Find Out if Your Favorite Programs/Games Will Run on Windows 10


Upgrading to Windows 10 can be a daunting prospect for many users, especially without knowing whether or not some of their favorite programs and/or games will still work properly with the new operating system. Introducing Microsoft Compatibility Center which many of you may not be aware of but which has been specifically created to help users with this predicament:

The Windows Compatibility Center lists thousands of the most popular apps and devices to help you easily identify what will or won’t work with various versions of Windows. You can use the site to get links to driver downloads and software updates, as well as view what other users have to say about product compatibility.

When you visit Windows Compatibility Center, you can either search for information by entering a specific product name or utilize the top menu to browse by category:

compatibility-menu-apps

(Hint: to view more sub-categories, click the forward arrow at far right of the menu bar)

Selecting Apps>PC gaming for example will open a page where you can then narrow your search by category or brand:

compatibility-games

Clicking an item will display expanded information for that particular title as well as allowing users to submit their votes (Microsoft account required):


compatibility-battlefield 3

Under the “Devices” category, expanded information also includes direct links to updated driver downloads if required:

compatibility-printer

Considering there would be literally millions of items in total,  I’d imagine it would be nigh on impossible to cover every single piece of software, game, and device that’s ever been distributed. However, the site’s listings are very comprehensive, well worth checking out if you have any lingering concerns over specific potential compatibility issues.

 

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About the Author

Jim Hillier

Jim is the resident freeware aficionado at DCT. A computer veteran with 30+ years experience who first started writing about computers and tech back in the days when freeware was actually free. His first computer was a TRS-80 in the 1980s, he progressed through the Commodore series of computers before moving to PCs in the 1990s. Now retired (aka an old geezer), Jim retains his passion for all things tech and still enjoys building and repairing computers for a select clientele... as well as writing for DCT, of course.

9 Comments

  1. Jim, this is excellent, thank you. I did upgrade to Windows 10, the install went very smoothly … Except, I lost all of my casual games!!! If, I had only known, about this website at Microsoft … I would have been able to check before hand. Since, I lost all of my games, I did uninstall Windows 10, in about 5 or 6 days. I am waiting for Windows 10, to be more stable, with the first “bugs/issues”, being rectified, when a new upgrade starts … Then I will upgrade, before the year is up. 🙂

  2. Jim, this is excellent, thank you. I did upgrade to Windows 10, the install went very smoothly … Except, I lost all of my casual games!!! If, I had only known, about this website at Microsoft … I would have been able to check before hand. Since, I lost all of my games, I did uninstall Windows 10, in about 5 or 6 days. I am waiting for Windows 10, to be more stable, with the first “bugs/issues”, being rectified, when a new upgrade starts … Then I will upgrade, before the year is up. 🙂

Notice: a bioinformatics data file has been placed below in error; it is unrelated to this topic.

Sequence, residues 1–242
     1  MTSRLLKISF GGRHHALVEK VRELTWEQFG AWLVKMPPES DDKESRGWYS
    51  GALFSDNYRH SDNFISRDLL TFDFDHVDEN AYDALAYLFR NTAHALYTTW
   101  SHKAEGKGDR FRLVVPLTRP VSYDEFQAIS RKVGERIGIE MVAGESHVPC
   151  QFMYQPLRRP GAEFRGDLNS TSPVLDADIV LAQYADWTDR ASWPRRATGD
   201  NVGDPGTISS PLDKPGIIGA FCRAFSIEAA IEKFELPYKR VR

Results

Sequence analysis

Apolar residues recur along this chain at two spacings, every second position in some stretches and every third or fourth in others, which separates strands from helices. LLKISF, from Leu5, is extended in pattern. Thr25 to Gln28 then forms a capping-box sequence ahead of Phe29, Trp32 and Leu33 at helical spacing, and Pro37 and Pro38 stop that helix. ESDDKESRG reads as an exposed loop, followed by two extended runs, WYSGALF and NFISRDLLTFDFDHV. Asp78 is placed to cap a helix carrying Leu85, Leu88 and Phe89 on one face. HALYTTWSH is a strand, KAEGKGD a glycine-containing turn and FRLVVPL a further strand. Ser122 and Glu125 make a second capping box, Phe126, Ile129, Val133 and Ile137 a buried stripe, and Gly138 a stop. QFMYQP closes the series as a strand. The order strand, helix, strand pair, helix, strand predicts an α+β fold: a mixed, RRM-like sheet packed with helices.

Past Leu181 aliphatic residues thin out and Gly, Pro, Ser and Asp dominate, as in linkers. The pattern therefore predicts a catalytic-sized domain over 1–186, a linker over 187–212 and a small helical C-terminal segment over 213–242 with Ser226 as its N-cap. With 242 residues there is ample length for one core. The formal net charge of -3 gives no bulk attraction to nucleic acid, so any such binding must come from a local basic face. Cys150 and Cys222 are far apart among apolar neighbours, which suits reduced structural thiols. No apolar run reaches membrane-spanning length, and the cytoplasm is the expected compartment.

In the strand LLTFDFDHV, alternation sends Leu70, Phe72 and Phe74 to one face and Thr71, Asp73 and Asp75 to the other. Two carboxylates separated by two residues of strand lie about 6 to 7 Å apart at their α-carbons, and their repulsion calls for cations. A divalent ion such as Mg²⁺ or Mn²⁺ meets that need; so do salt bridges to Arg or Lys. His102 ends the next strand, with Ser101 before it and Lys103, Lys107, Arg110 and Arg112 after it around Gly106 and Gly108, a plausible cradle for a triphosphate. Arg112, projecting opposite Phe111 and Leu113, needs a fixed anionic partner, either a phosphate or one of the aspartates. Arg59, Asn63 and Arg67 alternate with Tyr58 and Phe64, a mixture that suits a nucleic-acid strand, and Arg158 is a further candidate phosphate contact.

3. I don’t trust it. It tells me Dreamweaver CS3 needs a paid downgrade (I say downgrade because the new monthly fee only version doesn’t support ASP any more) and supplies a nifty little affiliate link to go buy it.

    Sorry, I might have been born at night, but it wasn’t last night.

  4. Apologies if I’m being really dense, but how does this work? When I go to the Microsoft site on that link I just get loads of blah about Win 10, no sign anywhere of a compatibility register. When I put the names of some of my favourite programs into the search box – which appears to just generally search miocroft .com – I get nothing. These are not obscure programs. What am I missing? I’d be very grateful if you could explain HOW to search for Win 10 compatibility using this site.

    • No, you are not dense at all. Seems that since this article was published, Microsoft has chosen to remove the Compatibility Center site and replace it with what you are now seeing. Why they would do that is anyone’s guess.

      • That is very weird behaviour from Microsoft, but thanks so much for letting me know. I’m relieved to here that it isn’t just me.

        I have upraded a little-used laptop to Win 10 with no issues (other than an odd “error handle” message that I have to dismiss on startup, but have been holding back on doing my PC, a very powerful 18 month old model running Win 7, as there is so much important work and so many programs on there. I know this is an unfairly general question, but do you think it is safe to do so yet (I will back it all up) or should I wait a bit longer?

        • Weird indeed! 🙂

          I would wait for a couple more months at least before upgrading your Windows 7 system. I believe Microsoft is planning on releasing a fairly major Win10 update some time in the next couple of months and I wouldn’t be surprised if it included a number of compatibility fixes.

          Whatever you decide, yes, make sure you create and save a full Windows 7 system image beforehand.